A study published within The Lancet Diabetes and Endocrinology journal, which links being underweight in middle and old age with dementia, should be interpreted with caution by both patients and healthcare professionals.
The study is based on data taken from nearly 2 million patients between 1992 and 2007. Participants were 40 years old or older in 1992 and the median age was 55. The number of people that developed dementia over the 15 year study period was 45,507 people which represent 0.24% of all the patients reviewed.
The results showed that the most at risk were people that were underweight (note: BMI under 20 kg/m2), with these people having a 34% higher risk of developing dementia than those that were of a healthy weight at the start of the study. In addition to this, the study showed that people that were very obese (BMI over 40 kg/m2) had a 29% lower risk than people of a healthy weight.
Dementia takes decades to develop
The research appears to show that being overweight or obese has a protective effect against dementia, however, care is needed in how the results are interpreted. Dementia is a condition that takes many decades to develop and the 15 years study period is simply not long enough to be able to state that being overweight has a protective effect.
It is noteworthy that whilst type 2 diabetes is relatively common in people from 45 years of age, dementia only starts to become more commonplace in people over 65 years of age. This therefore suggests a lag between the conditions of around 20 years, longer than the study period. Whilst this note makes the assumption that the dementia and type 2 diabetes are strongly linked, research does indeed suggest there to be a strong link between the conditions.
Dementia and loss of insulin production in type 2 diabetes
The current understanding of dementia is that the condition develops following the build up of beta-amyloid plaques within the brain. A note that has particular relevance to type 2 diabetes is the fact that loss of insulin producing capabilities within people with a relatively long duration of type 2 diabetes has also been linked with the development of amyloid plaques within the pancreas.
Another point that requires careful consideration in interpreting the study is to do with how type 2 diabetes was treated during the 1990s and prior to this decade. During this time, type 2 diabetes was rarely treated with insulin injections as it is now. As a result, those who had had type 2 diabetes for a number of years would start to lose the ability to produce their own insulin. As insulin production decreases over time, and without insulin injections being taken to compensate, the body loses weight. These days, people with type 2 diabetes are much more likely to be given insulin than the generation before and therefore the steady loss of weight in the decades following type 2 diabetes diagnosis does not tend to happen with as much regularity as it used to.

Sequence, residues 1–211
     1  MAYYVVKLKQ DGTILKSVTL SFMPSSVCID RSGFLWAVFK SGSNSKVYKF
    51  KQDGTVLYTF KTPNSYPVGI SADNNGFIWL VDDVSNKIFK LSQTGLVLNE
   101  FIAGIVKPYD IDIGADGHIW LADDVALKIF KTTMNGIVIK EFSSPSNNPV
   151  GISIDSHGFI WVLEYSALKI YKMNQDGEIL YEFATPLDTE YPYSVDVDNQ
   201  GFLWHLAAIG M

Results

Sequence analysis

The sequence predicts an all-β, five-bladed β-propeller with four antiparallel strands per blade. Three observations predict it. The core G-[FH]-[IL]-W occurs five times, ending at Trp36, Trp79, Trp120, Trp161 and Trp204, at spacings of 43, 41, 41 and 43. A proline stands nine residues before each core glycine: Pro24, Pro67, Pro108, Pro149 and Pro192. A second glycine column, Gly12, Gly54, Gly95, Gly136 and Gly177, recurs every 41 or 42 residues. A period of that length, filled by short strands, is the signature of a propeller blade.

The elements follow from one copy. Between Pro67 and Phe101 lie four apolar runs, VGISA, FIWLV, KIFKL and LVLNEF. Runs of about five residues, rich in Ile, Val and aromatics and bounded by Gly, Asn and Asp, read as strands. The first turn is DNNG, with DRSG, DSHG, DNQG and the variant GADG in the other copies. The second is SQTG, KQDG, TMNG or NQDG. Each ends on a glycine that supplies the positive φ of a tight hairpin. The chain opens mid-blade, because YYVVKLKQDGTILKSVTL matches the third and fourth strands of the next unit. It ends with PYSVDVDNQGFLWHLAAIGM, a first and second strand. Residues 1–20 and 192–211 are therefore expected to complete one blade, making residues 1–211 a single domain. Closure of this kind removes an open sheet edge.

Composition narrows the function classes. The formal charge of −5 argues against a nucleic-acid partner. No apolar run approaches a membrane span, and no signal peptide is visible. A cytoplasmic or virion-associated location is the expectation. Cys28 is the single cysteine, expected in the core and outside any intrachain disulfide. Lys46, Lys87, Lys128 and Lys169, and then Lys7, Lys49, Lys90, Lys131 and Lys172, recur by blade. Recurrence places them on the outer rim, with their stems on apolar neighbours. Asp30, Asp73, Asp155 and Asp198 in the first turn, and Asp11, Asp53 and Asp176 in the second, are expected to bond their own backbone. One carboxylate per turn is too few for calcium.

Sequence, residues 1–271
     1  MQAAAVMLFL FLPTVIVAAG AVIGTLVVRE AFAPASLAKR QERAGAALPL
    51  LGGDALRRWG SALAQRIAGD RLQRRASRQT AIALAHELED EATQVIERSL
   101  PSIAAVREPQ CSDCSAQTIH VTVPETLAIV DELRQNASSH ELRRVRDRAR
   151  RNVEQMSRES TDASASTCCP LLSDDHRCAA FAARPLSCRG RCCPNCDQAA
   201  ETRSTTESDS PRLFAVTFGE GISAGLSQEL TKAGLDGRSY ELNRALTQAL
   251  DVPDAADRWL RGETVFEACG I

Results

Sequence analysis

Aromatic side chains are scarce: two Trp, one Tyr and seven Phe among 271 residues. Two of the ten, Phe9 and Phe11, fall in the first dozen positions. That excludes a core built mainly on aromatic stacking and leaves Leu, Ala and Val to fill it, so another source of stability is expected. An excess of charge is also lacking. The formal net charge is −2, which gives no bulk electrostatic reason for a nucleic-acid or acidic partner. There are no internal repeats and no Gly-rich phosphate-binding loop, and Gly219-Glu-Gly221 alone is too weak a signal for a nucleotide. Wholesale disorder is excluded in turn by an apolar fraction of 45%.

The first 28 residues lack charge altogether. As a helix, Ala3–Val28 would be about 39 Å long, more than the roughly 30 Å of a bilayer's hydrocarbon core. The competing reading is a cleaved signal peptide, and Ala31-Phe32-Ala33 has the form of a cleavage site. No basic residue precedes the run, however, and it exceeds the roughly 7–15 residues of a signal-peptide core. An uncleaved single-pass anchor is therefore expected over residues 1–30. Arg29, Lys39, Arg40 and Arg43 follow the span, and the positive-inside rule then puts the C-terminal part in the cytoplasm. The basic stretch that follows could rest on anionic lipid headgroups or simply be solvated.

The study did not detail whether those patients that were underweight at the start of the study and went on to develop dementia had been overweight, obese or otherwise developed type 2 diabetes prior to the start of the study. Because of this, it is difficult to draw firm conclusions from the study.
Is being overweight really a protective factor?
The key question that needs to be asked is: “What preceded the low body weight in those that developed dementia during the study period?” The other question that arises from the study is what the results would be if the study period were to be extended by up to another 20 years? Would those that were obese within the 1990s maintain a low risk of dementia or would they be shown to have a much higher risk 20 years further down the line?
Until these questions are answered, they key message for health remains that maintaining a healthy weight and following an active lifestyle is the best option for reducing your risk of dementia in older age.

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